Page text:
How to move from a culture of compliance to one of compassion
In the changing world of EHS, being a leader having emotional intelligence is incredibly valuable. Technical expertise is important but what truly sets good EHS leaders apart is their ability to navigate human relationships and build genuine connections. EHS leaders carry the responsibility of helping protect their organizations and workforce and face a range of challenges from ensuring compliance with regulations to fostering a culture focused on safety. In this high-stakes environment, emotional intelligence plays a more vital role by enabling leaders to establish connections, inspire others and to drive positive change.
Empathy lies at the heart of emotional intelligence. It involves understanding and sharing the emotions of others. Leaders who effectively demonstrate empathy can connect with their employees on a much deeper level by caring about their well-being. This fosters trust and encourages communication as employees feel comfortable sharing concerns or reporting safety issues to leaders who truly have their best interests in mind.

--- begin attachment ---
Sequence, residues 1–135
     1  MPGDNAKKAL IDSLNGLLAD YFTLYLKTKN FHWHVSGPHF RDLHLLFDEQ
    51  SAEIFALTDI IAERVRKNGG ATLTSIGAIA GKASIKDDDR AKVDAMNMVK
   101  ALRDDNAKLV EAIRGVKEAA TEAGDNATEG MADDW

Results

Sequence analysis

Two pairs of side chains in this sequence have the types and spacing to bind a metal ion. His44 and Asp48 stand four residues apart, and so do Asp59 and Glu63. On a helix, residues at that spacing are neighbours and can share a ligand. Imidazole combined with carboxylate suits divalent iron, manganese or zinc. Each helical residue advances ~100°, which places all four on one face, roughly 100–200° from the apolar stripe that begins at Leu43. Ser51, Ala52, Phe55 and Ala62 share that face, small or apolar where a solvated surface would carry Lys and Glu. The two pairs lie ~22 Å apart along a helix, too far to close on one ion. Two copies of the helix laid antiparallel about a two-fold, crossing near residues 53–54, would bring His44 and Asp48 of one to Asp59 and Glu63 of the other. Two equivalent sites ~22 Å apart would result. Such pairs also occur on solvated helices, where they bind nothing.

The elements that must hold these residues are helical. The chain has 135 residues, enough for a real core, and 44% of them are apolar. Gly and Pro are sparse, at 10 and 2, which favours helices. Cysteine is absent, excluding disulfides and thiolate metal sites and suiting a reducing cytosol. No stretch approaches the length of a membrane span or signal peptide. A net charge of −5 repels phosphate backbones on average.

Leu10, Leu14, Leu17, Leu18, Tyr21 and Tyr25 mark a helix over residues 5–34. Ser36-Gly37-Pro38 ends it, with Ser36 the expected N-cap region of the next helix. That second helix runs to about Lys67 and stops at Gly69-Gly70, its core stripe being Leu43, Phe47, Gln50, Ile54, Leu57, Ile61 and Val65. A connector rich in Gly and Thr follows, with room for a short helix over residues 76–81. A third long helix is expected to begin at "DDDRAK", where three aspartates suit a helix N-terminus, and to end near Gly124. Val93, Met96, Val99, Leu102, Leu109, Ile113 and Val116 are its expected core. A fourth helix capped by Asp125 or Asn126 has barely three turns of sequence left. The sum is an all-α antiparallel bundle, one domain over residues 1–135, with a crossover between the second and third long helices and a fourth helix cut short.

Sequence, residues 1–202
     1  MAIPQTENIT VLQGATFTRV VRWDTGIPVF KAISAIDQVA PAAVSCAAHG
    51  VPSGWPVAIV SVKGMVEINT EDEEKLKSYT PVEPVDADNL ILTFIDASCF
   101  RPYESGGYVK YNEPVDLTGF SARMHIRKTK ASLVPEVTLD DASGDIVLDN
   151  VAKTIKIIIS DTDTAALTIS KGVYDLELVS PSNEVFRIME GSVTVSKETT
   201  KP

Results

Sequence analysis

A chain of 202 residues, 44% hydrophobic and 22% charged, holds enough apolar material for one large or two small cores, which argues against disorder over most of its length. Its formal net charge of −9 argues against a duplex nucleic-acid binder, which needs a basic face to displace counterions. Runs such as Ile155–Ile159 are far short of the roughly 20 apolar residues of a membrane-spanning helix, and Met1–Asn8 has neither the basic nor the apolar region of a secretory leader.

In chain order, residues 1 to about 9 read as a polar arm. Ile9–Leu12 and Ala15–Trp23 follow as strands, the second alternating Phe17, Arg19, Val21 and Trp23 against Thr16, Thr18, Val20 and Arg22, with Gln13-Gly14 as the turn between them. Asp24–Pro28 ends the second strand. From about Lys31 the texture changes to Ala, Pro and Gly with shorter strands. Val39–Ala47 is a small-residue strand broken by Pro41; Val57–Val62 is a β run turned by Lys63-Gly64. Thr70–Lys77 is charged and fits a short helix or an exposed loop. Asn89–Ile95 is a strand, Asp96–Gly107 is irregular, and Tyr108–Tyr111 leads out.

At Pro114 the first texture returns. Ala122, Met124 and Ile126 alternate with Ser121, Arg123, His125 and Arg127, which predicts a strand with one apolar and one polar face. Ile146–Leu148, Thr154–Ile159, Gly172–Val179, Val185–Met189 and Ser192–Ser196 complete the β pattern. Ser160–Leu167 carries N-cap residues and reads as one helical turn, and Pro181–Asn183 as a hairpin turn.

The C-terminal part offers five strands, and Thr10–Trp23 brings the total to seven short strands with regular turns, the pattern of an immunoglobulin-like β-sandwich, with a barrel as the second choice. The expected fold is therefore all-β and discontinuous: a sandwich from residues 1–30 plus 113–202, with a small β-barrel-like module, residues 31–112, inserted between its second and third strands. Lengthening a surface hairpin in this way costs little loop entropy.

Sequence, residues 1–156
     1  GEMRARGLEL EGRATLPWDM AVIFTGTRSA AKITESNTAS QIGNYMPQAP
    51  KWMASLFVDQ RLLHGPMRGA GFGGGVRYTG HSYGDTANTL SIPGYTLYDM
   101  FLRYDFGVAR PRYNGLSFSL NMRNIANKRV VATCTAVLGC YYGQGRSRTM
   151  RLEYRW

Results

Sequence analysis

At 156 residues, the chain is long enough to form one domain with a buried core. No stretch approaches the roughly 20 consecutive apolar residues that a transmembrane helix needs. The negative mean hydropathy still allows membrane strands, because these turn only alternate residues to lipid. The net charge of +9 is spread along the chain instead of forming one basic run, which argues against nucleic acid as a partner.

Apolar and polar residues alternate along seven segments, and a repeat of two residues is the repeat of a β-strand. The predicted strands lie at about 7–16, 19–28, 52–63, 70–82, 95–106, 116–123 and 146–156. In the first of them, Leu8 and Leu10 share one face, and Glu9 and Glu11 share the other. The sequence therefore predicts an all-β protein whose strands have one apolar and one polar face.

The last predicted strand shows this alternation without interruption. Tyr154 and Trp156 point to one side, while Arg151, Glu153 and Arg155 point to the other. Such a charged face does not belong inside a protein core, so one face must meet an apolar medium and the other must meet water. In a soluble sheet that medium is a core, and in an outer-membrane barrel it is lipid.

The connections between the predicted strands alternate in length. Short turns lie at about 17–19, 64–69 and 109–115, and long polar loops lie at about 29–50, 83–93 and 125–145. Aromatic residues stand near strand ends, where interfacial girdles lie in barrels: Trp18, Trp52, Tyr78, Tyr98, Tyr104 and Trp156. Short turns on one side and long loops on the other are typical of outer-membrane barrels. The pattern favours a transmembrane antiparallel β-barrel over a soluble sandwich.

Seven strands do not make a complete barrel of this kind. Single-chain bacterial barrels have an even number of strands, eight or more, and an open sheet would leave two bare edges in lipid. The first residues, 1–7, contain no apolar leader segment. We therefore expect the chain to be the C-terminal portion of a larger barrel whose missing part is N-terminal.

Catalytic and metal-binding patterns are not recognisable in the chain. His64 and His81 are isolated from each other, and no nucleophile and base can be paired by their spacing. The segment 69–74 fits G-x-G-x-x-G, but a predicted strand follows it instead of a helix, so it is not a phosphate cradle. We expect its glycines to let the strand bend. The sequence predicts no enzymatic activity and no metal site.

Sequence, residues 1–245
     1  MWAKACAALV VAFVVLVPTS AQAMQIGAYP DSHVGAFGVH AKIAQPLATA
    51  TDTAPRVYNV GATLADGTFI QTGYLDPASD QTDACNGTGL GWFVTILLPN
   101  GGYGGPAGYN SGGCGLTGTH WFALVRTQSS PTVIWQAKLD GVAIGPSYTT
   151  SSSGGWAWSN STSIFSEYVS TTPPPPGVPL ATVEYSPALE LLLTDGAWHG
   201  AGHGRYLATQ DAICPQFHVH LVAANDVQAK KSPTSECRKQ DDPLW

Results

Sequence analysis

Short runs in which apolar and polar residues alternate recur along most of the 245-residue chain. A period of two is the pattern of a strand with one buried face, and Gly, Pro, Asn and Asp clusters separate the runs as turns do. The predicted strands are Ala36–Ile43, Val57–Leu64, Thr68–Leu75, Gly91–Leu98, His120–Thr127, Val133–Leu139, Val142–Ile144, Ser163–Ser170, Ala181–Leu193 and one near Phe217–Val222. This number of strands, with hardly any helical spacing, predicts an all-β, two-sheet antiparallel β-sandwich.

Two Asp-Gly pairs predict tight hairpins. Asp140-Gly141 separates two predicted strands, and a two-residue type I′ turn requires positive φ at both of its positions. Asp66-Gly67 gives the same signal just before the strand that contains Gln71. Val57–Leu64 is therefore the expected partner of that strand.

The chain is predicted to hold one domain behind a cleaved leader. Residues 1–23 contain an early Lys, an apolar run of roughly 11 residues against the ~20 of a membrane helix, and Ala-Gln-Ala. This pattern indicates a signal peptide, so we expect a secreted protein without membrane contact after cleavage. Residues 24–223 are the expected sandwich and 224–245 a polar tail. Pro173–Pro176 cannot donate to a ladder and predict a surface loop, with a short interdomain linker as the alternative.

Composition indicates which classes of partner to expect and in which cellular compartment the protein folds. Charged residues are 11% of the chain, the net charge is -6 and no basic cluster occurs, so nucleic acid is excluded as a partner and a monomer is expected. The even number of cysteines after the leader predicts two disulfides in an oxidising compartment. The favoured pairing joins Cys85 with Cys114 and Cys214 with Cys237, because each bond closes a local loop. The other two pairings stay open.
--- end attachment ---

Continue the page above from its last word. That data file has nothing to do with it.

Self-awareness is another aspect of emotional intelligence that forms the foundation for effective leadership. It empowers leaders to understand their strengths and weaknesses and recognize how their actions and decisions impact those around them. Without self-awareness leaders might unknowingly make choices that compromise safety or undermine employee morale. Eleanor Roosevelt, U.S. First Lady, wisely remarked, "You wouldn’t worry so much about what others think of you if you realized how seldom they do". This sentiment relates to EHS leadership since leaders who truly possess positive self-awareness can focus on their responsibilities without concern for validation. This allows them to make decisions that prioritize the safety and well being of their teams.
In conclusion having emotional intelligence is an indispensable attribute for EHS leaders. By nurturing empathy and self-awareness leaders can inspire their teams and promote a safer and healthier work environment. As author John C. Maxwell wisely said, "Leadership is not about titles, positions or flow charts. It is about one life influencing another".